Yes, even Elon Musk and Jeff Bezos would get $1,000 under Andrew Yang's plan

Yang and the other high-profile presidential candidates spoke at the Brown and Black Forum in Des Moines, Iowa.

Richard Nieva Former senior reporter
Richard Nieva was a senior reporter for CNET News, focusing on Google and Yahoo. He previously worked for PandoDaily and Fortune Magazine, and his writing has appeared in The New York Times, on CNNMoney.com and on CJR.org.
Richard Nieva
3 min read

Yang spoke in Des Moines ahead of the Iowa caucuses next month.

Richard Nieva/CNET

Andrew Yang, the tech entrepreneur running for president as a Democrat, has repeatedly talked up his plan to give every American $1,000 a month if he's elected. But does that really mean everyone?

Yes, everyone, Yang said Monday. Asked if that even means Elon Musk, the billionaire CEO of Tesla, Yang said it does. 

"My friend Elon, who endorsed me, gets $1,000 a month," Yang said. "But Elon ends up paying more into the system, which he's totally cool with." 

Yang was speaking at the Brown and Black Democratic Presidential Forum, a gathering in Des Moines, Iowa, primarily focused on issues faced by people of color. The slated speakers -- which included frontrunners former Vice President Joe Biden, Sens. Bernie Sanders and Elizabeth Warren and former South Bend, Indiana, Mayor Pete Buttigieg -- came together on a frigid day in the run-up to the Feb 3 Iowa caucuses. The event, hosted by Vice News, was aptly held on Martin Luther King Jr. Day.  

"We're in the midst of this economic transformation," Yang said. "And you know who suffers most when there's a tidal wave, it's black and brown people." 

During a conference with reporters, he emphasized that the pool for his proposed fund would raise "hundreds of millions of dollars from the Jeff Bezoses of the world," referencing Amazon's CEO. "If we try and send Jeff Bezos $1,000 to remind him he's an American, I don't think that's a bad thing."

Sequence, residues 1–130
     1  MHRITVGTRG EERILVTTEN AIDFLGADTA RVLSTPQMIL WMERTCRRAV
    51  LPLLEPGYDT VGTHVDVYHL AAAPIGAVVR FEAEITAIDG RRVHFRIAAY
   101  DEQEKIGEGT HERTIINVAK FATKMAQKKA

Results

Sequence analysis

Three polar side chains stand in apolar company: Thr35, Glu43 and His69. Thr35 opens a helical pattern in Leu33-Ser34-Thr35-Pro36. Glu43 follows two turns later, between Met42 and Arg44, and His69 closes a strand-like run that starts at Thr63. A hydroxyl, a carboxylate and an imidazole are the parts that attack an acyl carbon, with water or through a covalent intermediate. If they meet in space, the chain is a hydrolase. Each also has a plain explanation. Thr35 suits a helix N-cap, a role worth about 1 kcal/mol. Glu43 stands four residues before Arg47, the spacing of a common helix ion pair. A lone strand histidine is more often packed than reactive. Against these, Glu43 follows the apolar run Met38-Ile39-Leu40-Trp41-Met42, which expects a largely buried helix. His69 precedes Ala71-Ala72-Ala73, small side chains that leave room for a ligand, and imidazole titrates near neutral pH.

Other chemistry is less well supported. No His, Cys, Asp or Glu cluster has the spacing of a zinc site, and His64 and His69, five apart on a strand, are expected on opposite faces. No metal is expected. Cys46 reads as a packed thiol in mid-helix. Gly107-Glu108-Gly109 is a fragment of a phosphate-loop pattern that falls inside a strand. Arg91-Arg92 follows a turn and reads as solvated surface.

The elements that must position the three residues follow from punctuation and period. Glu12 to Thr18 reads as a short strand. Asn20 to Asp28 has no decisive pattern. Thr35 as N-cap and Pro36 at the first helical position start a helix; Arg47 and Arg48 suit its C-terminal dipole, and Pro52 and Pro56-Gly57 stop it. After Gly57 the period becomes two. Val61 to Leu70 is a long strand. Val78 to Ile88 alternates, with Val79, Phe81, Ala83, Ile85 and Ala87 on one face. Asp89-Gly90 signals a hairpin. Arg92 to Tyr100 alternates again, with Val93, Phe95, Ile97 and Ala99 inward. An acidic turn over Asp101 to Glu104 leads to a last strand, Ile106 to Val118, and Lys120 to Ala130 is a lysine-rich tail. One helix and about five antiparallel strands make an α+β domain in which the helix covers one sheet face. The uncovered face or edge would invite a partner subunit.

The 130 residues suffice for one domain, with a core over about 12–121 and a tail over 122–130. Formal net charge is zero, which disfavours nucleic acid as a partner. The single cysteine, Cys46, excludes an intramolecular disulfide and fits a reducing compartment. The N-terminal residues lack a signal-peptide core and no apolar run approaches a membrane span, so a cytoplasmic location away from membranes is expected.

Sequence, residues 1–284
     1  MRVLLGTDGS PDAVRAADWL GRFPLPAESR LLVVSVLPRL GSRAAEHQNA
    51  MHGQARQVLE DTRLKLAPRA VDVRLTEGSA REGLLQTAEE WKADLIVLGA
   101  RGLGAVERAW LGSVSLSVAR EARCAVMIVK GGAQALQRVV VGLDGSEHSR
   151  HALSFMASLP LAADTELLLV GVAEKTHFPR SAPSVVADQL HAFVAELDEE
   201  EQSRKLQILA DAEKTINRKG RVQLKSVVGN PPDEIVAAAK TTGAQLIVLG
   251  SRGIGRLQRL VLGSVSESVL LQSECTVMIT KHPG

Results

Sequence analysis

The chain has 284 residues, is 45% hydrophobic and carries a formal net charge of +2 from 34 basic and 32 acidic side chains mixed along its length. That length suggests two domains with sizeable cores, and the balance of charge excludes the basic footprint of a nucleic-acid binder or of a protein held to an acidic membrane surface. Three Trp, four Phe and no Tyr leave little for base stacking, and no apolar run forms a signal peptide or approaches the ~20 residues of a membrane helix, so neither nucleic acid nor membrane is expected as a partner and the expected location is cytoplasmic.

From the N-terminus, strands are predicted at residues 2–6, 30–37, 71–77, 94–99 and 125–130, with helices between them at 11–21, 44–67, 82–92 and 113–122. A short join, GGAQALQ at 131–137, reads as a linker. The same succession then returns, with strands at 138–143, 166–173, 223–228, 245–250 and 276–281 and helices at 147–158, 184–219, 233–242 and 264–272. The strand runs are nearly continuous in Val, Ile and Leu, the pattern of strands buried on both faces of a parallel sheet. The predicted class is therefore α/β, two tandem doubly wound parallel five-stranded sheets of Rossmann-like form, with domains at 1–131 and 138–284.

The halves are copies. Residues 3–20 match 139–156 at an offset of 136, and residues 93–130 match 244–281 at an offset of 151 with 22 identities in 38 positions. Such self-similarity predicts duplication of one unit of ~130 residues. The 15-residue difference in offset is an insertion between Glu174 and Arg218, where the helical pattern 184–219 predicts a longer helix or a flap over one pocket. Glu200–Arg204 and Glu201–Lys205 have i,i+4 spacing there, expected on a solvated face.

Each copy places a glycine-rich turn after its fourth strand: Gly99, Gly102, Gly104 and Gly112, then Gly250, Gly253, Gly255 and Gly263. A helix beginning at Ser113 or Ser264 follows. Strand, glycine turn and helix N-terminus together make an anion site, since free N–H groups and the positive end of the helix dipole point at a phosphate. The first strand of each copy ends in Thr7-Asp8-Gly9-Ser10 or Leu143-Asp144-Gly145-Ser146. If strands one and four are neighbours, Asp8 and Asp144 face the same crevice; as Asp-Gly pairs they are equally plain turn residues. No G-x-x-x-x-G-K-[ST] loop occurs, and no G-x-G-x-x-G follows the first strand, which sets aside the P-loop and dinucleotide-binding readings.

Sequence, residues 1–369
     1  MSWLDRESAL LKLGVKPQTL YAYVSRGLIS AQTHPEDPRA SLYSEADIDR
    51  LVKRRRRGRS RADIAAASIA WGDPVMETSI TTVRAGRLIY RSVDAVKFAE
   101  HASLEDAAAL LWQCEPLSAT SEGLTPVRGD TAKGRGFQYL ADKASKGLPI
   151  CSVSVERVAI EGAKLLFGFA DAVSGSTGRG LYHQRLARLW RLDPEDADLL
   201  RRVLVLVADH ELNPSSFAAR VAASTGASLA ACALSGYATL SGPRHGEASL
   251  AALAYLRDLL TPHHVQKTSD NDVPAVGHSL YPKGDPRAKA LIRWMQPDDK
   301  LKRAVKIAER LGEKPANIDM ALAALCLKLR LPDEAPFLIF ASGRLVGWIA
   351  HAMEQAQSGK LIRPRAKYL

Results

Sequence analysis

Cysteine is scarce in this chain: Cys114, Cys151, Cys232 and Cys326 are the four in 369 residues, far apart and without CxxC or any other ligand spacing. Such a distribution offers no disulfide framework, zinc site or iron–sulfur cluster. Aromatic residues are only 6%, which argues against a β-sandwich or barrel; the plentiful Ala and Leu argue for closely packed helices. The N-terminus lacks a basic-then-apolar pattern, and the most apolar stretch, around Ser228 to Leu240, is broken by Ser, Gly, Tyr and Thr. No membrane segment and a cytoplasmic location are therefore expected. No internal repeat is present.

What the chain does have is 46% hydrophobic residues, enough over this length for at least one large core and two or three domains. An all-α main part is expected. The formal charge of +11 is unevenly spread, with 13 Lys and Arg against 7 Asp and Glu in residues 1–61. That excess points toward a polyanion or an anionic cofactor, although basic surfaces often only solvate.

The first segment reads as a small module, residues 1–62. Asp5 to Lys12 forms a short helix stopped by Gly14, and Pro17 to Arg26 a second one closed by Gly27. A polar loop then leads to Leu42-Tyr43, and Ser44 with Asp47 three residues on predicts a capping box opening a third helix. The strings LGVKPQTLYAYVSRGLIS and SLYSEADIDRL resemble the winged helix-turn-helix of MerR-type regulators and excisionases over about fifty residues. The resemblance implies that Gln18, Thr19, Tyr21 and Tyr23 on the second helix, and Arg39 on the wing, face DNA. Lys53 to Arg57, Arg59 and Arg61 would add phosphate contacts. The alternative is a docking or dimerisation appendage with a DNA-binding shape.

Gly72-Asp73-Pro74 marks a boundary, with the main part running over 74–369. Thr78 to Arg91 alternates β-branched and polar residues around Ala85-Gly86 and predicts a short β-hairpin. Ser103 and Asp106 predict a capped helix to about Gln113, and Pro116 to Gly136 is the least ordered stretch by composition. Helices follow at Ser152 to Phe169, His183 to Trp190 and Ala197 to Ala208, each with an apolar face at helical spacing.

The event was one of the last joint gatherings for the candidates before the all-important Iowa caucuses. The contest is the first major milestone of the 2020 primary season, and the winner in Iowa comes away with great momentum as the rest of their states ready their primaries. 

Little talk of tech

Technology has been a major theme in the candidates' campaign messaging. But while the impact of Silicon Valley tech giants has become a common talking point for the candidates when addressing national audiences, those issues have rarely come up when they stump in the heartland, Iowa residents say. The one exception has been Yang, who has repeatedly raised the issue of job automation spurred by advancements in technology.

Still, candidates have widely taken aim at big tech. Last week, Biden raised eyebrows in the tech world when he proposed a repeal of Section 230 of the Communications Decency Act. The landmark legal protection doesn't hold tech platforms liable for user-generated content. Biden told The New York Times it "immediately should be revoked," for every service and called out Facebook CEO Mark Zuckerberg by name. "It should be revoked because [Facebook] is not merely an internet company," Biden told the paper. "It is propagating falsehoods they know to be false."

On Monday, Biden didn't bring up Section 230. On a more lighthearted note, though, he was asked during a lightning round series of questions who pays for his Netflix account. "I don't have a Netflix account," he replied. "If I do, I'm unaware of it."

Warren has made the most noise about tech companies. She's made it a key campaign promise to break up the tech giants and bring antitrust reform to the historically seldom-regulated industry. Warren has proposed undoing key mergers that allowed the tech giants to sprawl and dominate their markets, such as Facebook's 2012 buyout of Instagram and Google's 2006 acquisition of YouTube. 

She addressed potential monopolies in Silicon Valley again on Monday, after an audience member asked her about the changing landscape for workers and consumers. Warren mentioned Facebook's enormous power and said the company needs more rivals. "You don't just have Facebook, you have 10 competitors," she said. One of those other companies might have better privacy policies, she said, and another could have a community someone might like better.

Sanders has also been ringing the alarm on Big Tech antitrust. He's denounced Facebook's "incredible power" over the country's economy and political life, calling the social network's grasp "very dangerous." Sanders has also said Amazon is "moving very rapidly to be a monopoly." He didn't bring up those issues, though, on Monday.